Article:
This is all a major concern and forces many to make purely emotional decisions at a time when they are vulnerable, rather than informed decisions about the future.
From experience, we know that this vulnerability, for some, will see them become easy targets for scammers or industry ‘bad actors’ guaranteeing higher investment returns, more income and greater access to lump sums.
All of this, especially the increased level of vulnerability, means there is a greater need for financial advice than ever before – and it needs to be properly delivered, tailored, appropriate financial advice, which properly represents client interests.
How do we do this? By reducing the barriers to talking to us and building trust and empathy, and showing we understand and that we care is a foundation for that trust. Clear communication, authenticity and rapport are also essential in this regard too.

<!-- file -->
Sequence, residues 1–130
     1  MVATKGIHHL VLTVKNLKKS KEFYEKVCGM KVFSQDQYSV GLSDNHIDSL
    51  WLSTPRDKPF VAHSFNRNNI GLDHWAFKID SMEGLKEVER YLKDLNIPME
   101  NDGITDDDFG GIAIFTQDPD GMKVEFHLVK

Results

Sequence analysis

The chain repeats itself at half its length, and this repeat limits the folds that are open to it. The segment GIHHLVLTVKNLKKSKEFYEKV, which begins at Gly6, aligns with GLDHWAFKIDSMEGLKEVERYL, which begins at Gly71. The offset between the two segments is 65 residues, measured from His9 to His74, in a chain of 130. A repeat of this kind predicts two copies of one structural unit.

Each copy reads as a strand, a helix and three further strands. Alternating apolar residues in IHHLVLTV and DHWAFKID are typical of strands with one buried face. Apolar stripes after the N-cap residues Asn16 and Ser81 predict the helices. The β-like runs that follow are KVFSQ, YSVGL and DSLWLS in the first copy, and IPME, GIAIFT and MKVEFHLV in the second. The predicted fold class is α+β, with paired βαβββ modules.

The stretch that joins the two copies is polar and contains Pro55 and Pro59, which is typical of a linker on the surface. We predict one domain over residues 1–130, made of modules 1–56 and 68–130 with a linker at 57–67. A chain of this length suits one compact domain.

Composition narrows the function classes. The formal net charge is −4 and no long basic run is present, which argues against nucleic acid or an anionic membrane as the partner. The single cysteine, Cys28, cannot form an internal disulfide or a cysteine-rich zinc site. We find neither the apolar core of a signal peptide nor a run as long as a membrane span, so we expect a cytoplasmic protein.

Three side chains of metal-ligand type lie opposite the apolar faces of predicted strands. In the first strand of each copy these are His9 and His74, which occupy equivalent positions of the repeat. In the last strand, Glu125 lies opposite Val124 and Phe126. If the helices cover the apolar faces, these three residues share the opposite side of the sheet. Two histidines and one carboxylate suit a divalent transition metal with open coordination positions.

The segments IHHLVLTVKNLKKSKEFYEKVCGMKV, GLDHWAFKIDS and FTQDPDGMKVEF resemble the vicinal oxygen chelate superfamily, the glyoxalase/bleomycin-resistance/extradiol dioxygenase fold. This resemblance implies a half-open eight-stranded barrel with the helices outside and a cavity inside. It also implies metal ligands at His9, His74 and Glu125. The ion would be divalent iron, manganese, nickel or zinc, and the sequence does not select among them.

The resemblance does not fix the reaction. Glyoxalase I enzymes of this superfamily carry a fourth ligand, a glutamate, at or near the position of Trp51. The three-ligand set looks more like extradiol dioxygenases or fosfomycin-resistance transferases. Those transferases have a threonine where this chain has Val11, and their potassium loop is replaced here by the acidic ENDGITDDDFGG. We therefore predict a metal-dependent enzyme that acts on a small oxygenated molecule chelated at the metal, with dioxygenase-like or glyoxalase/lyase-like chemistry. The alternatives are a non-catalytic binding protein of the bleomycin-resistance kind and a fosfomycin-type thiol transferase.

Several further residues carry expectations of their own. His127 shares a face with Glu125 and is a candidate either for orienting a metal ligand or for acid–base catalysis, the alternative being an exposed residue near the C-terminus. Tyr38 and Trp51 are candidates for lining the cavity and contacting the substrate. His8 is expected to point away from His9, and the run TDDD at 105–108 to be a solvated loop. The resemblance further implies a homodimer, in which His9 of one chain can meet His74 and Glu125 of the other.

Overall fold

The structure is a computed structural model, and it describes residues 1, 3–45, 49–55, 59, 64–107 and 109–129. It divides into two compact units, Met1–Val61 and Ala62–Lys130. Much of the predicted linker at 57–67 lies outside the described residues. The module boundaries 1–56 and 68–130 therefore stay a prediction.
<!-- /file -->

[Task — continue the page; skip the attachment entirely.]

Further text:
Workers and retirees need help, more than ever before, to make informed decisions.
We should also be prepared for people we are advising to be upset, angry and/or irrational as the reality they face could be extremely daunting and confusing. Arguably, this is perhaps when we are needed most and will take skill, time and discipline on our part.
Once we have established this trust, from there we have to build on life-stage advice strategies to help the client successfully navigate these tricky and consequential decisions.
In this challenging economic and financial environment, workers and retirees need help, more than ever before, to make informed decisions.
When we get it right, our jobs can properly transform whole families’ financial futures for the better.
Simon Chrystal is chief executive of WPS Advisory